By and large the Populist Right has been the majority and primary supporter base for Trump and continues to be his most ardent supporters. Not to be conflated with the much smaller percentage and fringe that is the Alt-Right.

To put it succinctly, the ‘Alt-Right’ contain much of the above ideological positions though taken to far more extreme or hardliner degrees. Whether it be strong white identity and advocacy of ethno-states such as seen at NPI/Spencer or Greg Johnson, or purist Catholic or Orthodox reactionists that are aggressively opposed to liberal social allowances, similar to Nicolás Gómez Dávila and Joseph de Maistre. The Alt-Right term still remains an umbrella term for fringe right wing ideologies that are alternative to the typical mainstream Republicans, though vocal White Identity and Ethno-State advocates do seem to have the loudest voice and receive the most attention. Not all within the Alt-Right are the kind seen at NPI, many dislike Richard Spencer altogether, and a number still find White Nationalist aesthetics to be obnoxious or simply silly.

What differentiates the Alt-Right from the Populist Right is that the Alt-Right is a small niche collective of fringe ideologies, not at all the mainstream nor the general public. And while many of them, not all, do support Trump, they are not at all the majority or even a quarter of Trump’s support.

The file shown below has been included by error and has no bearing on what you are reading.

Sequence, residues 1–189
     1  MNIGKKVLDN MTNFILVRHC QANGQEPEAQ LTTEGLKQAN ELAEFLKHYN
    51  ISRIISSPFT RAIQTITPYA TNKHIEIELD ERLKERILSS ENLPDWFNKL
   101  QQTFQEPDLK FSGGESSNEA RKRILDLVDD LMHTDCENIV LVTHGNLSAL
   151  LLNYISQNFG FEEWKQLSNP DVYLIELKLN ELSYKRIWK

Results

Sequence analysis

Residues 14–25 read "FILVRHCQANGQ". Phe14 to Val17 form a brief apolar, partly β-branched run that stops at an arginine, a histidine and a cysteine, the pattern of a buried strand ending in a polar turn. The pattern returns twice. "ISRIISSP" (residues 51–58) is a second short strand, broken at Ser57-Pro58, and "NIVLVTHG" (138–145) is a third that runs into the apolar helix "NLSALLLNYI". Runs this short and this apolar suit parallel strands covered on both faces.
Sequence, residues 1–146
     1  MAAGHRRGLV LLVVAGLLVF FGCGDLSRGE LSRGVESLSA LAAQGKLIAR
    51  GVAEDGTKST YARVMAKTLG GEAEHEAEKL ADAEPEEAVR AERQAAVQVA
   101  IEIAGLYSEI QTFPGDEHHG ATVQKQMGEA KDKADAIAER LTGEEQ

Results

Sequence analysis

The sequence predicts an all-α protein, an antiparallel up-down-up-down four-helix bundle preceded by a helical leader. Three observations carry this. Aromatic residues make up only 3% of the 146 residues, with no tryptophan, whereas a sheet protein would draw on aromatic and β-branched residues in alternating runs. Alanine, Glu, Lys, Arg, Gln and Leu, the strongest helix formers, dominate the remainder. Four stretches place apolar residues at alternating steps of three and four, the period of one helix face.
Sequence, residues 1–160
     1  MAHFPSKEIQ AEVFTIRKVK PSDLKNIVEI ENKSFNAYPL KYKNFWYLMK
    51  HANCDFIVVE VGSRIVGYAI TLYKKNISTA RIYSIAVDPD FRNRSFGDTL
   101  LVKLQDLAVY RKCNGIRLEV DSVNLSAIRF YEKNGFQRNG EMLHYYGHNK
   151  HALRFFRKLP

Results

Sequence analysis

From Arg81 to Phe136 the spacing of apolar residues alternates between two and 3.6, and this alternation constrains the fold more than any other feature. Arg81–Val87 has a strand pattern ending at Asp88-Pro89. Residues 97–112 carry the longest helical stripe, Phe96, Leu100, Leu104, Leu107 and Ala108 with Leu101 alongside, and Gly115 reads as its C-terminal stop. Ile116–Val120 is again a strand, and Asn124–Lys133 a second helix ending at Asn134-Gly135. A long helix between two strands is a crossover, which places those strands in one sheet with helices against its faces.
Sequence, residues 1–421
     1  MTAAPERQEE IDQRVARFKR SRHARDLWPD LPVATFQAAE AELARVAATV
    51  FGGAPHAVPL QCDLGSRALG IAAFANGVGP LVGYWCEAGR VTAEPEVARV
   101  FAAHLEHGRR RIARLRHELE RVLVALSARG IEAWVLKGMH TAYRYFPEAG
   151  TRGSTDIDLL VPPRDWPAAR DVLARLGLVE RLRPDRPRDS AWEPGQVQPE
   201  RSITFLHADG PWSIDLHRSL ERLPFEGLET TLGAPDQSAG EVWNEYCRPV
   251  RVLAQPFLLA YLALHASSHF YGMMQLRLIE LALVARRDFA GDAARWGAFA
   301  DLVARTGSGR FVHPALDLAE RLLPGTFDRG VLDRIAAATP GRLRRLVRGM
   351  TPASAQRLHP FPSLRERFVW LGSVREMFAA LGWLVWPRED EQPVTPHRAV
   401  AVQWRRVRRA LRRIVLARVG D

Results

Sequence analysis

What also differentiates the Alt-Right from the Populist Right is issues of race realism, heterodoxy, and traditionalism which they take to a severe degree. This is not an accusation, rather they are proud of this severity and I only want to describe them in as neutral terms as possible. They do advocate strict ethno-states, hyper-nationalism, strictly anti-LGBT culture, and can be highly traditionalist regarding the roles of women.

Where the Alt-Right and Populist Right (including Trump) overlap, and this is very important, is that they are anti-globalist, anti-establishment, nationalist, populist, strict on immigration, anti-Islamic, pro-family, Eurocentric, and detest the PC regressive left as well as the mainstream media. It is all a matter of severity and to what degree.

The liberal left media inaccurately and dishonestly paints broadly that all Trump supporters, and Trump himself, are Alt-Right, and furthermore that all Alt-Right are White Nationalists. While race realism and ethnocentrism is prominent in the Alt-Right, one must understand there is a spectrum of ideologies under this umbrella. Both of these depictions are entirely false and intentionally dishonest. This, and much else, has rightfully earned them the derogatory label of being the lugenpresse, the ‘lying press’, and while the origins of this word are infamous, perhaps the mainstream media should behave otherwise if it did not wish to incur such resentment from the people.

In conclusion, I am no expert or authority. I have never claimed to be. I gladly consider myself a part of the ‘populist right’, not the Alt-Right, though I have read material and conversed with those in the Alt-Right and the European New Right. I sympathize with many of their positions and share many as well. This is simply my attempt to categorize, explain, and record to the best of my limited knowledge. I hope it is helpful to any who inquire.

Natasha Black